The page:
This story explores another aspect of part of the future timeline described in Post Scarcity Blues (and probably would have been one of the stories in the book if I’d written it then!).
By Jason Gibbs
It had been a long time since he’d physically visited a friend. At least a decade, there was no need with modern implants and full immersion virtual reality. Philip couldn’t explain why he was doing this, there was just an itch at the back of his mind.
The hall was dimly lit, as indeed was the whole block.
“Why am I doing this at night?”
Yet, once he’d decided he just had to go. Also, he’d been on US time zone, so had thought it was late afternoon.
“Five flights of stairs. Eric could have told me his building lift was broken.”
Though he hadn’t actually told Eric he was going to visit him, they’d just agreed to meet in the Dell, their usual place. And anyway, it was unlikely Eric knew the lift was broken, he probably hadn’t been out for years either.
“Fifty-eight, fifty-nine… here he is.”
Philip knew he was only talking to himself to try and dispel the creepiness around him, but couldn’t stop.
“Oh is Eric going to be surprised!”
He knocked. Nothing, and again. He pressed the buzzer. Nothing. He tried the handle. The door wasn’t locked.
“Ah, Eric probably disabled his physical alerts, I bet he can’t even remember the last time someone used them. Eric?”
He opened the door into dust and gloom.
He tried the light, but though he flicked it nothing came on.
“Eric, your lightbulb is out. You should get maintenance to take better care.”
He walked into the living room. It was lit by a few green flickering lights. But Eric wasn’t in it. The kitchenette was off to one side, and a short corridor with two doors was on the other side. He walked gingerly towards the corridor. The dust was thick on the floor. This wasn’t a good idea.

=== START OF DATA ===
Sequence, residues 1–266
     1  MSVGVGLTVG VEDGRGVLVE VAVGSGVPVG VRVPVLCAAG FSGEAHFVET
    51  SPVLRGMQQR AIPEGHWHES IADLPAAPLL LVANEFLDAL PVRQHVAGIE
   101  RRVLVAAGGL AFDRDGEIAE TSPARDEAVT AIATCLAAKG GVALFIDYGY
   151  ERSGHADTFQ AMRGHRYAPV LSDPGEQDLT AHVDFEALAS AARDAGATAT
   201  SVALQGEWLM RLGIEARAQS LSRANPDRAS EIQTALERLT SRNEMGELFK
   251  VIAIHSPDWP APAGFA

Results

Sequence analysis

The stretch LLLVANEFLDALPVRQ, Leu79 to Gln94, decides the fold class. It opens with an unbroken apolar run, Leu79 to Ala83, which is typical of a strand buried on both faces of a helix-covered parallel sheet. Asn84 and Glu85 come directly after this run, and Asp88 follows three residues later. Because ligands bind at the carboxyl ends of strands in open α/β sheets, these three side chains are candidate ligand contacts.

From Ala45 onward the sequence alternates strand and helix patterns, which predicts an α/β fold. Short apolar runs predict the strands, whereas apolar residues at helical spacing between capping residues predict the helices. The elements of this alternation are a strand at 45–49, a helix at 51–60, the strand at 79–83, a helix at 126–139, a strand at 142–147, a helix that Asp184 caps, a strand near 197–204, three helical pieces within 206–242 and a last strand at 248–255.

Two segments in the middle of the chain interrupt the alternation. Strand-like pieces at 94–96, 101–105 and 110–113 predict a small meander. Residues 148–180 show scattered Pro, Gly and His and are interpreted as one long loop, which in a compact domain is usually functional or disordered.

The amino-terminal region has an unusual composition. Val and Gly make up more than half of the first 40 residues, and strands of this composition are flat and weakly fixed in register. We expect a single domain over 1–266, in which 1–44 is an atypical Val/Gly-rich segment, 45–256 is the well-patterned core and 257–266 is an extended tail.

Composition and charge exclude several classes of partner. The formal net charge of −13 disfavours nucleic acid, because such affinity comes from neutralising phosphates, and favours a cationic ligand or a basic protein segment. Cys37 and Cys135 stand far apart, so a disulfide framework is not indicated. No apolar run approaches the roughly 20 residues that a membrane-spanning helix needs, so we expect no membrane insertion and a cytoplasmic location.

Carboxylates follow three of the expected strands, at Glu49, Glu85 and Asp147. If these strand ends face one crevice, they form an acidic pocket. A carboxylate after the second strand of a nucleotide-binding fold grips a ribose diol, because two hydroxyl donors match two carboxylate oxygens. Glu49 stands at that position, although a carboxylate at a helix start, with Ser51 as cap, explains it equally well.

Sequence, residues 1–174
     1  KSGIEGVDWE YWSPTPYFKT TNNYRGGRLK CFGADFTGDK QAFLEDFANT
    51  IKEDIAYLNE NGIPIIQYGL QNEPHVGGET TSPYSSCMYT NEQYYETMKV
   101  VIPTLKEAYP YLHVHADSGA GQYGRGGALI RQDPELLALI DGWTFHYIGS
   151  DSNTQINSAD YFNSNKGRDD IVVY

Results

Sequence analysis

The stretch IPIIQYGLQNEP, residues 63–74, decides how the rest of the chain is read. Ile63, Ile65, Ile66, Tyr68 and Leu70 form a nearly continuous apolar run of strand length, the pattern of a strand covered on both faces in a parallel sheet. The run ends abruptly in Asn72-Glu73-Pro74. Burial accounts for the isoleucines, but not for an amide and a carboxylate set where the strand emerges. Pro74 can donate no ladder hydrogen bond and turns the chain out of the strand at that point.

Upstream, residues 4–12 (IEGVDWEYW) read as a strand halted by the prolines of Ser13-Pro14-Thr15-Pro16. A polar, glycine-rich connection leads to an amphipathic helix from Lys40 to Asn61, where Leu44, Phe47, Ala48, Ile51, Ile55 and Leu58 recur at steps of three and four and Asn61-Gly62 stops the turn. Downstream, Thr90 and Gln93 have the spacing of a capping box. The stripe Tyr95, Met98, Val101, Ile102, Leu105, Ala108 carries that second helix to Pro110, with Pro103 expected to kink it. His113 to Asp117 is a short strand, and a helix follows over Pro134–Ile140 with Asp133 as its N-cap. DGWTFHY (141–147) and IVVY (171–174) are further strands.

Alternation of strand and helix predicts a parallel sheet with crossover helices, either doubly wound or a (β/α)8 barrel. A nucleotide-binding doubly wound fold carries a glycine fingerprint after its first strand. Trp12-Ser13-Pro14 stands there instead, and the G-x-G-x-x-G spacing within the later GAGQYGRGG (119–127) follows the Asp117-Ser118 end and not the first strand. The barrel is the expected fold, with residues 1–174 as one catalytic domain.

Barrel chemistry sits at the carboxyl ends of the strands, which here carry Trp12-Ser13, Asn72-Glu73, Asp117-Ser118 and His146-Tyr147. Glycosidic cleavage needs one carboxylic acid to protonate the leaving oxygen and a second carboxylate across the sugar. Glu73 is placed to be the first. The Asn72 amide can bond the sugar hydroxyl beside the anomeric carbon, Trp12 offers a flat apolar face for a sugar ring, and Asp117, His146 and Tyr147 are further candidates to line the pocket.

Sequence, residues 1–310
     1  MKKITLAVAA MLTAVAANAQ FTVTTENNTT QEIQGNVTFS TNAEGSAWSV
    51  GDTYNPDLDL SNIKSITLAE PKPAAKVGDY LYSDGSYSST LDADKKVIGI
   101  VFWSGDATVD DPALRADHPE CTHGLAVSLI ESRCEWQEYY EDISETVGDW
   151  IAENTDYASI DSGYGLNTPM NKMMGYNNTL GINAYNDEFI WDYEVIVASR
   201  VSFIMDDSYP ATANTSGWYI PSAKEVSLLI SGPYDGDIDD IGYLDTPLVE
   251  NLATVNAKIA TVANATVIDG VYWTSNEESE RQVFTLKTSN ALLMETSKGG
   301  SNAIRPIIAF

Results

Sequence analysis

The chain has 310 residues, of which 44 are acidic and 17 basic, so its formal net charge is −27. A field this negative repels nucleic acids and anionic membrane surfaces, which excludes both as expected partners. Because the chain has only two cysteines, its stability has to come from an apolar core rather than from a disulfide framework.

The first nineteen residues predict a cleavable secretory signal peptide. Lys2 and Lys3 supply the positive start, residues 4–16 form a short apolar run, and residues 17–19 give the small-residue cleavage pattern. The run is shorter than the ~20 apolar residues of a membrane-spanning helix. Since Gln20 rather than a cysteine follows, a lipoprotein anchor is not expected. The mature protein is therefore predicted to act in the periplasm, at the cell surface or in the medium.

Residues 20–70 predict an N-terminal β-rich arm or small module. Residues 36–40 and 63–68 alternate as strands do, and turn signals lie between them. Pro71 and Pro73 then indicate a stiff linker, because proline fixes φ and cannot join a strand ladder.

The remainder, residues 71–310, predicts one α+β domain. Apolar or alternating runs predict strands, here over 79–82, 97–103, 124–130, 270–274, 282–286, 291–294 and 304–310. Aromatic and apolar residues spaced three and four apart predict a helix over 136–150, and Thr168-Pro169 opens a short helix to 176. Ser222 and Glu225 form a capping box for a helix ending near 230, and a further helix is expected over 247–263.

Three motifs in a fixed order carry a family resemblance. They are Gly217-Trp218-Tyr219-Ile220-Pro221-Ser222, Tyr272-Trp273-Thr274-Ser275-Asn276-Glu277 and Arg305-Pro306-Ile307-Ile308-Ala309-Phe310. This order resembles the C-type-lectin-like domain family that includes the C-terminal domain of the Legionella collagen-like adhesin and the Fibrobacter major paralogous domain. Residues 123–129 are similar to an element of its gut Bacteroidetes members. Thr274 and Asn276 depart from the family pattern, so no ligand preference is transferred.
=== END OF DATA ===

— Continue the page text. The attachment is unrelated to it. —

“This place is a tip Eric, don’t worry I won’t tell anyone. Eric?”
It was a standard apartment, so the bathroom would be to the right, and the bedroom to the left.
“The dust is just as thick here. I wonder when the last time Eric actually got up to go to the toilet.”
Taking a breath, and trying to ignore the smells of staleness and slight decay, he pushed open the bedroom door.
He realised he’d closed his eyes and he opened them to look in, expecting, well he didn’t know.
There in the centre of the room was a standard VR coffin.
“Hmm, nice, a Paradise 23, or is it, no I’m wrong it’s a 24, top of the line before they stopped producing them. Nice one Eric.”
He walked up, and checked the control panel. All lights were green, and the panel indicated all was well with a cheery “Systems OK!” message.
“Right then, what was the protocol. I think I press this, tap that…”
“Beep. Please vocalise a message to explain the wakening.”
“Oh yes, this was to stop people being shocked. Um, look Eric, it’s me Philip…”
“Damn. I wonder if I can re-record. That button. No. Um.”
The lights had started to flash red. That didn’t seem right, and then there was another ‘Beep’, though this one sounded less friendly. There was a hissing sound. Philip stepped back.
“Why am I doing this…”
It was too late, the coffin had started to open up. Philip wasn’t sure what he expected to see. He wasn’t sure what he wanted to see. When the hissing stopped he realised he’d closed his eyes again. He opened them, and saw the side of the open coffin. Nothing moved.
After a pause he said, “Eric?”
Nothing. He frowned, and edged forward. He could see the edge of the coffin, and then the lining, a sort of red plush, comfortable, though flashy, and some tubes, and then…
Then, nothing. The coffin was empty.
Philip heard something behind him, but before he could turn around blackness descended.
“Philip! Are you alright?”
“Yarg, Eric don’t shout…”
It was Eric, but he’d seen, what had he seen?
“Philip, you really worried me there, you came to meet me in the Dell, and then just faded out. I’ve had to connect into the emergency controls on your virtual unit.”
Could he do that? Wait, they’d signed something, like an emergency order, so they could look out for each other, it had been Eric’s idea. But there was something he was forgetting?
“Come on Philip, say something sensible!”